If volunteering is so good for you, why do more people not do it?
5 November 2019
We have long known that people who choose to volunteer benefit in ways that go far beyond having a sense of doing something good.
This week’s publication of ‘The Contribution of Volunteering to Scotland’s Health and Wellbeing’ highlights a range of benefits that volunteers experience including better mental and physical health, improved life expectancy and reduced social isolation.
This begs the question - if volunteering is so good for you, why do more people not do it? There are lots of opportunities - organisations are crying out for new volunteers. If something needs done and someone has time to fill, put them together - job done!
If only it was that easy. Most things in life that look straight forward on the surface can be complex when you peel back the layers - and so it is with volunteer engagement. Involving people who see volunteering as a new, alien or impossible activity is rarely straightforward. However, research shows us that people who have the most to gain through volunteering, can be the most difficult to engage or the easiest to ignore.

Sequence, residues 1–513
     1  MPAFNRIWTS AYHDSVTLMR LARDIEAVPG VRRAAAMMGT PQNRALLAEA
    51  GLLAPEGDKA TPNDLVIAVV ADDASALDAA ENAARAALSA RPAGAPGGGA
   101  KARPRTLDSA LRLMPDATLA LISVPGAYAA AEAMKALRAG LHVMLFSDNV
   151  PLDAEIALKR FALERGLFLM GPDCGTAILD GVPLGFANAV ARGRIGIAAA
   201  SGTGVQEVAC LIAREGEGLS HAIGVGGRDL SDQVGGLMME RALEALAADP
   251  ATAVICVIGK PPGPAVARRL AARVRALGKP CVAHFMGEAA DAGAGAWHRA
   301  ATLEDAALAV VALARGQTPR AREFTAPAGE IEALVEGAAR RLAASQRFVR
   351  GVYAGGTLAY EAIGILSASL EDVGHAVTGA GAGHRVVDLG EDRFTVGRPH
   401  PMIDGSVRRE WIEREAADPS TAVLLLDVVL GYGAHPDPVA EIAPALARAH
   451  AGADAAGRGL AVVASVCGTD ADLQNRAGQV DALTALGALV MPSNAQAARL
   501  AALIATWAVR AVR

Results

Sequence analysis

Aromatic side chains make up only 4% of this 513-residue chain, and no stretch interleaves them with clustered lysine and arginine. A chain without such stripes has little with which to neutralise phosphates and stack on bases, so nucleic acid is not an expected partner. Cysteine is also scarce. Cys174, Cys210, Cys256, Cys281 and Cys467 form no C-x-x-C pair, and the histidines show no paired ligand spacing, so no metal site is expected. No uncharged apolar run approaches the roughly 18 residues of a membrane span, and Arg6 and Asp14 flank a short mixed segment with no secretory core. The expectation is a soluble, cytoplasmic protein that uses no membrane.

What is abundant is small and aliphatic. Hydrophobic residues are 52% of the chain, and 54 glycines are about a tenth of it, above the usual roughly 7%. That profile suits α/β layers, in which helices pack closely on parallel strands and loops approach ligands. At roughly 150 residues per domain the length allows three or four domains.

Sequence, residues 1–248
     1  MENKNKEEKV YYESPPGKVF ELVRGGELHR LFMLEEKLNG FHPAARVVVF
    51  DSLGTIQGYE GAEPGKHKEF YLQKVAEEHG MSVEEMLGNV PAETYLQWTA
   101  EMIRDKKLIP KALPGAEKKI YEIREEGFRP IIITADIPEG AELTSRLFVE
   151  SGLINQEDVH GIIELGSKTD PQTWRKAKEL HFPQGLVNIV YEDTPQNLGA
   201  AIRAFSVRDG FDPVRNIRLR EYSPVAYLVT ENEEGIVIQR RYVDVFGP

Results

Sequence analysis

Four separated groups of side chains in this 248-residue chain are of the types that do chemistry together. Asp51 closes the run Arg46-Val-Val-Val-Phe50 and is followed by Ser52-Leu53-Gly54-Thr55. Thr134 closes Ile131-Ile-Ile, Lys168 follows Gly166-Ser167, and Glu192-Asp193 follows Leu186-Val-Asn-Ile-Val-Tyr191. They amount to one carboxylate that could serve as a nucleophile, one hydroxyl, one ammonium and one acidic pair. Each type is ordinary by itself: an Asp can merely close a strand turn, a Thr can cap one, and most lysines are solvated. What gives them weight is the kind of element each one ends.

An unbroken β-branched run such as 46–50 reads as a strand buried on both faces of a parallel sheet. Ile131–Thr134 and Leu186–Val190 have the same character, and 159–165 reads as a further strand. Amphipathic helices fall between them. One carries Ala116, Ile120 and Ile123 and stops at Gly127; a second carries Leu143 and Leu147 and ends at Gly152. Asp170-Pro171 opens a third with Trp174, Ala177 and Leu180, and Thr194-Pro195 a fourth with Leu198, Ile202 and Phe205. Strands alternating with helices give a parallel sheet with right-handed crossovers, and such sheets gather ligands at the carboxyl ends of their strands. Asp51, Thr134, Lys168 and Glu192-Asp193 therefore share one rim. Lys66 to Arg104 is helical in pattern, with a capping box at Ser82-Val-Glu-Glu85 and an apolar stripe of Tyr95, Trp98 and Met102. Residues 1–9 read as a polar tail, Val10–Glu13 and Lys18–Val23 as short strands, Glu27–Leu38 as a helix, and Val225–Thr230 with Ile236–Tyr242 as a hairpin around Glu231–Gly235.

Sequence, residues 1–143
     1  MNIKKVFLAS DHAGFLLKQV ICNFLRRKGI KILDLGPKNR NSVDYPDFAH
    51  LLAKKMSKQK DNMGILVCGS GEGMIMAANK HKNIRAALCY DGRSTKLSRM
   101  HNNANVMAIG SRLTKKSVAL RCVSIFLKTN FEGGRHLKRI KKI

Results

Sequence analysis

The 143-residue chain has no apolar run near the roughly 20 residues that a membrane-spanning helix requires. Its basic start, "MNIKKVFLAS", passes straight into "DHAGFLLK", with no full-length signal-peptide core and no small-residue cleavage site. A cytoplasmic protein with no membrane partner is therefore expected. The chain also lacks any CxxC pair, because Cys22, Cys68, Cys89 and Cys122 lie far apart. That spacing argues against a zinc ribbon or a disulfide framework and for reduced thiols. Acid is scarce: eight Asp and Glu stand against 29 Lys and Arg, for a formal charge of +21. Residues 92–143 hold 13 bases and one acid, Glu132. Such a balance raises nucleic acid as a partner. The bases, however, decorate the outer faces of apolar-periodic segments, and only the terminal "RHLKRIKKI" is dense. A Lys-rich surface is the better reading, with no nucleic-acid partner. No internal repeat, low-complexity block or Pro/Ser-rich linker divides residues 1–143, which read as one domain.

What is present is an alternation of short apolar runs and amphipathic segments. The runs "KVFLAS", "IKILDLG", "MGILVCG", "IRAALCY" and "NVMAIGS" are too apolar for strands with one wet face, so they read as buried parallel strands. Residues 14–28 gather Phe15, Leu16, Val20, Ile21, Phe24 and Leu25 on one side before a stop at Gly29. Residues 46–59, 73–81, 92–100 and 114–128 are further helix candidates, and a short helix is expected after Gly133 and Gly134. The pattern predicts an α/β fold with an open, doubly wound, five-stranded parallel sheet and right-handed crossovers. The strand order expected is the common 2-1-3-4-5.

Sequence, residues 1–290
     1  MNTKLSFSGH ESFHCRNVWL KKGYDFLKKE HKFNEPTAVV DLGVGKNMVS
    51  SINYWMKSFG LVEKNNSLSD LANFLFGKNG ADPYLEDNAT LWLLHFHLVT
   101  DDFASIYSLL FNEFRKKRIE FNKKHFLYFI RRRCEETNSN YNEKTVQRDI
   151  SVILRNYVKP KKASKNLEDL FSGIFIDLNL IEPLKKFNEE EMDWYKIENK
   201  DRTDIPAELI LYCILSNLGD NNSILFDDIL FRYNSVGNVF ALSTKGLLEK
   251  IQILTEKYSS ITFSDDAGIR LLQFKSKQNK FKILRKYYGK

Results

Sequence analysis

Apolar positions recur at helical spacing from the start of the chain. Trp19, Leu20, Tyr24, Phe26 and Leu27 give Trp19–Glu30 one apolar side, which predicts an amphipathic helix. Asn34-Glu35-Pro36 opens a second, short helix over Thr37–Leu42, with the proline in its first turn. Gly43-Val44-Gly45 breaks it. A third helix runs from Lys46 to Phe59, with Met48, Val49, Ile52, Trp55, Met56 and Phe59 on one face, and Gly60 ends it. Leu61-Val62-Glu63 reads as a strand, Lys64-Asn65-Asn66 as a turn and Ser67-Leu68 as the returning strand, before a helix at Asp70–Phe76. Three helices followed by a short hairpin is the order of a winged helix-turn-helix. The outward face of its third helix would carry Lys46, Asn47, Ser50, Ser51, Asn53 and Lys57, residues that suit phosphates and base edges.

New guidance for volunteer engagers, also published this week, gives simple hints and tips on how to create, develop & sustain opportunities which will appeal to people who have never volunteered before (or do not see themselves as volunteers). 'Optimising Health and Wellbeing Benefits from Volunteering: Good Practice for Engaging and Supporting Volunteers' gives guidance on how to engage people from different backgrounds, some of whom may experience complex barriers, and a range of tips to help ensure they have an excellent volunteering experience. As importantly, the guidance gives tips on how staff can take care of themselves and ensure that their support of volunteers does not become a drain on their own health and wellbeing!
Volunteering is increasingly recognised as a contributor to a healthier and happy Scotland, so this guidance is a timely reminder that successful volunteering programmes are dependent on organisations doing their best to support the health and wellbeing of all staff, whether paid or voluntary.